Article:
Rewilding is not only being seriously discussed, it’s happening. Beavers are back in Scotland and wild in England. Lynx may soon follow as a range of stakeholders recognise benefits and negligible risks — lynx are wary of humans and unlikely to target livestock; instead they are a natural predator for deer, numbers of which are wholly out of control.
The fossil fuel divestment campaign is gathering momentum as new campuses, councils and cities commit to divesting their holdings almost daily.
“The Greens have … dozens of inspiring and transformative ideas that have far greater potential to inflame public passions than Labour’s dismal offerings. The same can be said of both Plaid Cymru and the SNP.”
This breadth made the election debates considerably more engaging, but more importantly represents a genuine shift in voting preferences as pluralistic, idealistic younger citizens make their voices heard. And they’re not the only ones thoroughly dissatisfied with the massive waste of effort inherent in the old one-dimensional, adversarial political system. The days of metronomic swinging between the polar opposites of left and right, each spending their time undoing the work of the previous incumbents, are going, if not gone.
Still on politics, who was it that restricted the Scottish independence referendum question choice to only yes or no? Who promised more devolution if Scotland voted no? Who’s reaping what they sowed now as most of Scotland’s 59 constituencies turn SNP and the English political field opens up? I disagree with Scottish Labour who are trying to frighten voters about voting SNP: it will not hand the election to the Conservatives; they likely still won’t have enough seats to form a working majority. What’s much more interesting is that, with neither Labour nor the Conservatives likely to get enough seats for a working majority, alliances will have to be formed — another welcome step toward pluralism. The only thing holding it back now is our defunct political representation system.
“This election is likely to throw up anomalies that will be hard to ignore. UKIP could win 10 percent of the national vote and get three seats or fewer, while the SNP might get 40 seats for just 3 percent of the vote because its support is concentrated in fewer constituencies.”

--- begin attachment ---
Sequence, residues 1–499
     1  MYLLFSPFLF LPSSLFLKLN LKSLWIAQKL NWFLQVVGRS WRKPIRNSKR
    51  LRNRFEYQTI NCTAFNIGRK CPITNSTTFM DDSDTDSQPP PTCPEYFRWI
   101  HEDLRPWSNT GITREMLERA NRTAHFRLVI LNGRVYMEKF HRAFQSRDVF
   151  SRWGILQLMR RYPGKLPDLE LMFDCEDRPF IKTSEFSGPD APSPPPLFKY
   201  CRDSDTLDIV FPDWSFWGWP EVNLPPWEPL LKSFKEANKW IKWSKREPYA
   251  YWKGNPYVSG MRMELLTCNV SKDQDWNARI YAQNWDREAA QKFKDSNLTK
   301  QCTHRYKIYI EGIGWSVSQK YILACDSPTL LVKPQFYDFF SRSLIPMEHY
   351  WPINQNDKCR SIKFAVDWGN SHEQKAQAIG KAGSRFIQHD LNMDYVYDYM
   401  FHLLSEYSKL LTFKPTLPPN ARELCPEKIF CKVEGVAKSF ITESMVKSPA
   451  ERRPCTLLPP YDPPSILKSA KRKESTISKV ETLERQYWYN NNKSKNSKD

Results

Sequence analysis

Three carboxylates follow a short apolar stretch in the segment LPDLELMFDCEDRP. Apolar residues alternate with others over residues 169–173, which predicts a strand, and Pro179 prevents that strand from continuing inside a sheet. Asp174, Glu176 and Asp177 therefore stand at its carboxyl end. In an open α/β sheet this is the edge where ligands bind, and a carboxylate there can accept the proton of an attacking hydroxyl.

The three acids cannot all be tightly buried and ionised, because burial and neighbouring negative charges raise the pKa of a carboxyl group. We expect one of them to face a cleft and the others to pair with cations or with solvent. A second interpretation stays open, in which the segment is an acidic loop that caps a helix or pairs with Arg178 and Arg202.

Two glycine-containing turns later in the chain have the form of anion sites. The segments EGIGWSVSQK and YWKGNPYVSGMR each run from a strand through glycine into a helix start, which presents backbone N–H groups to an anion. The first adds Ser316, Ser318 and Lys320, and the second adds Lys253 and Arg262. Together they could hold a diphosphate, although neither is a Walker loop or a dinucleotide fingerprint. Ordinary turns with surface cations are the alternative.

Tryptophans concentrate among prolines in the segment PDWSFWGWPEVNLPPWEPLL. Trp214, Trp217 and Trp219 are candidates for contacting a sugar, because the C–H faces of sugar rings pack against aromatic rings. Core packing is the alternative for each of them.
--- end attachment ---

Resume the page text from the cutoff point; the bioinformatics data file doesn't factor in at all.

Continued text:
This is not cause for tactical voting. With a long view, this means more than ever that it’s time to vote for what you believe and that should include political reform.
Which political party best represents your views? http://election2015.votematch.org
Fracking is subject to a moratorium in Scotland and huge resistance elsewhere in Britain.
Ethical consumer markets continue to grow, despite the austerity programme, which isn’t working in any case.
Highlights from the 2013 Ethical Consumer Markets Report:
• Ethical food and drink saw strong growth of 8% and is now worth almost £9 billion.
• Sales of electric, hybrid car tax Band A vehicles increased by 78% and sector is now worth £4.9 billion
• Sales of free range eggs increased by 19% to almost £622 million
• Sales of sustainable fish increased by 17% to £412 million
20% of the UK population is now actively boycotting specific products or retail outlets as a result of their ethical concerns
• Almost three million shoppers now actively boycotting companies over their tax avoidance policies
• Ethical money invested in banking, investments, credit unions and ethical share issues increased by 6%
People are more aware of ethical issues and are working to influence improvements: buying sustainable goods and boycotting anti-social business practices such as tax avoidance and excessive directors’ pay. Where they’re not, campaigners are changing companies’ behaviours, and increasing political activism for governmental power aligned with our values.
“While consumers play a central role in contributing [to] deforestation through their purchasing decisions, they are difficult to influence at scale. Therefore many campaigners increasingly target companies in hopes of ensuring greener choices for consumers whether they know it or not. … Some environmentalists believe that corporate sourcing standards — provided they are effectively implemented and monitored — could eventually serve as a leverage point to push governments to adopt policies.”
Big conservation organisations like the National Trust and RSPB are shifting their focus increasingly toward reconnecting people with nature, where previously their strategic emphasis was on policy, science and technology. How do you change people’s minds? You reframe the debate so it becomes something they care about. Those who prefer sound argument can hear how climate change and the state of our environment underpin every other issue we are concerned about as citizens — economy, health care, housing, security, etc. Others may prefer to spend time in nature and undergo that fundamental personal shift toward reconnection.
While most of the public may not be directly concerned about biodiversity, wildlife and water pollution, they’re worried about their kids eating chemicals (Interview with Tony Juniper in the Vegetarian magazine, Spring 2015). Do they want to completely rebuild their worldview, or make gradual, informed change in their choices?
Balancing all these approaches: micro and macro, activism and personal lifestyle changes; pressing forward on all frontiers is encouragingly progressive.
Arne Naess, the Norwegian philosopher, introduced ‘radical pluralism’ to describe the broad frontier along which we are gradually acting en masse, as an alternative to the fear, disempowerment and frustration of the absolutist view. “Arne Naess stresses that the frontier is long within the deep ecology movement, and that we must understand and support approaches which are different from our own.”